September 12, 2012 by dontbringlulubook
When Women’s Hour was started on BBC’s Light Programme channel 66 years ago, it was designed to be exactly that – an hour of discussion, information and comedy for women.
The programme was ground breaking – there had never been a show just for the girls. This said – it was presented by a man, of course. Men’s voices in the then patriarchal world of broadcasting were all that was known. At the time of its launch in 1946, Alan Ivieson would fill the airwaves every day at 2pm with things women should know – ‘how to cook in a time of rationing’ and ‘how to iron your husband’s suit’.
A lot has changed since then. It’s now broadcast on BBC Radio Four – where it was moved to in 1973. Many presenters have hosted Women’s Hour – one of the most notable being Jenni Murray who has been in place since 1987 and remains there today.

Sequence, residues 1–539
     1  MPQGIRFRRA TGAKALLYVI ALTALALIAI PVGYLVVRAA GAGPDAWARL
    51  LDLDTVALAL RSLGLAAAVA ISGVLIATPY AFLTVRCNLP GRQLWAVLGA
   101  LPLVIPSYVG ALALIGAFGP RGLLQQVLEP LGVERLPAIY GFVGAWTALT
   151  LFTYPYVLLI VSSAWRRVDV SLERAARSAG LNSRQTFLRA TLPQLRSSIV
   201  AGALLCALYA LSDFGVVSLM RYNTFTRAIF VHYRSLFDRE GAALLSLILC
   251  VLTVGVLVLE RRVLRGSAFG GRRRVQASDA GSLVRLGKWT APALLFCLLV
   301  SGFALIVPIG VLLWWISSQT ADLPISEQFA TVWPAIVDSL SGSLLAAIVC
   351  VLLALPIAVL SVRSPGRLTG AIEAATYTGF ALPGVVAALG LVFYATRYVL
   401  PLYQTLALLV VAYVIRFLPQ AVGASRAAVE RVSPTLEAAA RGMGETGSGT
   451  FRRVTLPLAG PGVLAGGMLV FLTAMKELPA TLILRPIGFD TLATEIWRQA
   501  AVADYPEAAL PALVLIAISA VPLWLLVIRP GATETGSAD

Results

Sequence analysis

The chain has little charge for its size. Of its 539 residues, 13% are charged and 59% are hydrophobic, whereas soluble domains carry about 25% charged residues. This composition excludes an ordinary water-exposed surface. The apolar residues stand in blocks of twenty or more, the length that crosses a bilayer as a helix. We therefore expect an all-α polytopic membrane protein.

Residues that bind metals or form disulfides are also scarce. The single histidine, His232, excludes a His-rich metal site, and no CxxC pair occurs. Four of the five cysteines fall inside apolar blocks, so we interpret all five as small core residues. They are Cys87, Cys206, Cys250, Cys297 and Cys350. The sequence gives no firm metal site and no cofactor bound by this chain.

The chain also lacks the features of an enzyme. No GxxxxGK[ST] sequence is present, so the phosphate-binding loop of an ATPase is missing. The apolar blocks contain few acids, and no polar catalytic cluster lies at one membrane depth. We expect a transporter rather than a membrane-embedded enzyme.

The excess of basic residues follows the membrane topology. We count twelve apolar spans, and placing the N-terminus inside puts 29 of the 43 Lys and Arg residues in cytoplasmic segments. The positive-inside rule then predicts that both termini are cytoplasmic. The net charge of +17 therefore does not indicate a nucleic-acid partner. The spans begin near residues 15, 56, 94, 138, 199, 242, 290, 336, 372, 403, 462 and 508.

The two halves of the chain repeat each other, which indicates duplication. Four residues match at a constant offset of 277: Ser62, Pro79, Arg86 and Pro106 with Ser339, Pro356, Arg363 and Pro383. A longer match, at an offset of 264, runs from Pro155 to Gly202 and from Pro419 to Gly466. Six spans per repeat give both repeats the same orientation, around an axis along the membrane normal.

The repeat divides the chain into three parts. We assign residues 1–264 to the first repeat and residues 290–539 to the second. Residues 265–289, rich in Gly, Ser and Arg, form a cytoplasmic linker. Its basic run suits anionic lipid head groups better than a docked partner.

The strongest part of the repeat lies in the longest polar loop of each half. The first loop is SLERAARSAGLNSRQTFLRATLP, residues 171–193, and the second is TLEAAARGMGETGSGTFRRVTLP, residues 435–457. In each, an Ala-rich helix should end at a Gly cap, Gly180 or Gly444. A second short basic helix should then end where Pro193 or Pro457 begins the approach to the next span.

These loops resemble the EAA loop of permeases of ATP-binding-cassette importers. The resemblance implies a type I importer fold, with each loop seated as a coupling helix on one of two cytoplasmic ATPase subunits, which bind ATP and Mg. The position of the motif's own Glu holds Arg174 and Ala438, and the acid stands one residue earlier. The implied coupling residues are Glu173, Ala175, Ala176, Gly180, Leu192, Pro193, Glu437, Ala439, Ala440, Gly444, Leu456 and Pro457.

In its current format, the first 45 minutes of the programme consists of reports, interviews and debates on health, education, cultural and political topics aimed at women and mothers. Though most of the content is less focused on homemaking than it was in 1946, recipes and cookery shows still have a place in Women’s Hour.
The last 15 minutes are taken up with short-run drama. Recent research shows that this programme, which was designed for girls over a half a century ago, is not only succeeding in pleasing its target market. Around a third of listeners are, in fact, male.